But neither spoke to her. “The wilderness,”
One Angel said, “the solitary place,
Shall yet be glad for Him.” And then full fain
The other Angel answered, “He shall reign.”
And when the woman heard, in wondering wise,
She whispered, “They are speaking of my Lord.”
And straightway swept across the open skies
Multitudes like to these. They took the word,
That flock of Angels, “He shall come again,
My Lord, my Lord!” they sang, “and He shall reign!”
Then they, drawn up into the blue o’er-head,
Right happy, shining ones, made haste to flee;
And those before her one to other said,
“Behold He stands aneath yon almond-tree.”
This when the woman heard, she fain had gazed,
But paused for reverence, and bowed down amazed.
After she looked, for this her dream was deep;
She looked, and there was nought beneath the tree;
Yet did her love and longing overleap
The fear of Angels, awful though they be,
And she passed out between the blessed things,
And brushed her mortal weeds against their wings.
O, all the happy world was in its best,
The trees were covered thick with buds and flowers,
And these were dropping honey; for the rest,
Sweetly the birds were piping in their bowers;
Across the grass did groups of Angels go,
And Saints in pairs were walking to and fro.
Then did she pass toward the almond-tree,
And none she saw beneath it: yet each Saint
Upon his coming meekly bent the knee,
And all their glory as they gazed waxed faint.
And then a ’lighting Angel neared the place,
And folded his fair wings before his face.
She also knelt, and spread her aged hands
As feeling for the sacred human feet;
She said, “Mine eyes are held, but if He stands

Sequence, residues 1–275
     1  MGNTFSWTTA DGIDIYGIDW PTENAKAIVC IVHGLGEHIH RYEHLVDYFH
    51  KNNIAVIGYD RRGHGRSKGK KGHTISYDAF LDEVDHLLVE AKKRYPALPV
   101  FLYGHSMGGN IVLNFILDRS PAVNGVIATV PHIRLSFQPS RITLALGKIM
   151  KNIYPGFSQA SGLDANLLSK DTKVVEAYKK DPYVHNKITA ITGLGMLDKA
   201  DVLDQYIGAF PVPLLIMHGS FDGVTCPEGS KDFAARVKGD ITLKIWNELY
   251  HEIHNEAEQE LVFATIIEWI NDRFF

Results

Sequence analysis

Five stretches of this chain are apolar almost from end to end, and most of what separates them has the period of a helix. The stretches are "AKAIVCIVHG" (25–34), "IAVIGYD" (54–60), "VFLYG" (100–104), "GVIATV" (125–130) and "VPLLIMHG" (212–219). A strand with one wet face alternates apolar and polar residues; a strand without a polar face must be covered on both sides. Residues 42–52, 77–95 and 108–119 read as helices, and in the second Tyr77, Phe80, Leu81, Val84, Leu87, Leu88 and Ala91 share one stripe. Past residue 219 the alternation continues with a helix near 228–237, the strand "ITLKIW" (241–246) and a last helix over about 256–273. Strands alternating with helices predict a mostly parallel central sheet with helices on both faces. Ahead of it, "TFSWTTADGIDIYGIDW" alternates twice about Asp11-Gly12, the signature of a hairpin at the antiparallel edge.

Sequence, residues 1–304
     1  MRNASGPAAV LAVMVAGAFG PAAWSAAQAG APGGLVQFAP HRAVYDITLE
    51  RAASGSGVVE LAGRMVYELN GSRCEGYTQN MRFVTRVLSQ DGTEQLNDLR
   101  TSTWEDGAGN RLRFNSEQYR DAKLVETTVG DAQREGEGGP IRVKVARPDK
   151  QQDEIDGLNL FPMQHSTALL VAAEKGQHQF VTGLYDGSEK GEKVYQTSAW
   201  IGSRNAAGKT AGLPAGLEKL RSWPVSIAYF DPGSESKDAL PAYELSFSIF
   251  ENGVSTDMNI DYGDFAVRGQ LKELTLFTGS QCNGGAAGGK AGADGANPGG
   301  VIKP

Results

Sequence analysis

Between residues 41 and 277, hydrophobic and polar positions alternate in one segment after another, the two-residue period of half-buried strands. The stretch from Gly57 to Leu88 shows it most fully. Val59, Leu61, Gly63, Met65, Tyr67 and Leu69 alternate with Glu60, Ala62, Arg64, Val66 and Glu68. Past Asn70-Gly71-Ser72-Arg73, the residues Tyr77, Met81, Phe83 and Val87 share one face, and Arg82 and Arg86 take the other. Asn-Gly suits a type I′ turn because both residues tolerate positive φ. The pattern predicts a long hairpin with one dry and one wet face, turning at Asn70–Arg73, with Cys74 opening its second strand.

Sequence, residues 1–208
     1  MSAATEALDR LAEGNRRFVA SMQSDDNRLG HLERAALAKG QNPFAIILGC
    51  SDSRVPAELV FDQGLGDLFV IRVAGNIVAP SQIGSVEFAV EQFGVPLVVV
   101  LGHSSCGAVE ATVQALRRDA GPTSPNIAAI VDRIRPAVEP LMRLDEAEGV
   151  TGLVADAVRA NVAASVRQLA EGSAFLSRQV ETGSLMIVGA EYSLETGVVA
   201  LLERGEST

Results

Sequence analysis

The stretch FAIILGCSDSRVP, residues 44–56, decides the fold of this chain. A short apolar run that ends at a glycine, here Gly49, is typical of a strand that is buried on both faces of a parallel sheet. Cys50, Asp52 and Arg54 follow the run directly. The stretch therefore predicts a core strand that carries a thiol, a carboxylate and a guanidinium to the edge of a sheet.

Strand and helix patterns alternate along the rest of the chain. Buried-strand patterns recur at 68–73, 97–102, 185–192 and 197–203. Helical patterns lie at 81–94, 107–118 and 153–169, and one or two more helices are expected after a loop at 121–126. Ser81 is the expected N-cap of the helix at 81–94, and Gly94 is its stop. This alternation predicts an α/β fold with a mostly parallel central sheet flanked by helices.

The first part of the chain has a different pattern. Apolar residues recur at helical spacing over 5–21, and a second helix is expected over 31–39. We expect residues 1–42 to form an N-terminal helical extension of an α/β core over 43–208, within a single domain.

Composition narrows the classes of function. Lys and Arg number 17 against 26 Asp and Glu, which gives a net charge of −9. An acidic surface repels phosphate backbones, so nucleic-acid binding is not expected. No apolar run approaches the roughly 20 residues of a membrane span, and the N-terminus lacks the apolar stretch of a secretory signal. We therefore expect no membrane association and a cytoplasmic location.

Anear, I will not let Him hence retreat
Except He bless me.” Then, O sweet! O fair!
Some words were spoken, but she knew not where.
She knew not if beneath the boughs they woke,
Or dropt upon her from the realms above;
“What wilt thou, woman?” in the dream He spoke,
“Thy sorrow moveth Me, thyself I love;
Long have I counted up thy mournful years,
Once I did weep to wipe away thy tears.”
She said: “My one Redeemer, only blest,
I know Thy voice, and from my yearning heart
Draw out my deep desire, my great request,
My prayer, that I might enter where Thou art.
Call me, O call from this world troublesome,
And let me see Thy face.” He answered, “Come.”
Here is the ending of the second dream.
It is a frosty morning, keen and cold,
Fast locked are silent mere and frozen stream,
And snow lies sparkling on the desert wold;
With savory morning meats they spread the board,
But Justice Wilvermore will walk abroad.
“Bring me my cloak,” quoth he, as one in haste.
“Before you breakfast, sir?” his man replies.
“Ay,” quoth he quickly, and he will not taste
Of aught before him, but in urgent wise
As he would fain some carking care allay,
Across the frozen field he takes his way.
“A dream! how strange that it should move me so,
’Twas but a dream,” quoth Justice Wilvermore:
“And yet I cannot peace nor pleasure know,
For wrongs I have not heeded heretofore;
Silver and gear the crone shall have of me,
And dwell for life in yonder cottage free.
“For visions of the night are fearful things,
Remorse is dread, though merely in a dream;
I will not subject me to visitings
Of such a sort again. I will esteem
My peace above my pride. From natures rude
A little gold will buy me gratitude.
“The woman shall have leave to gather wood,
As much as she may need, the long year round;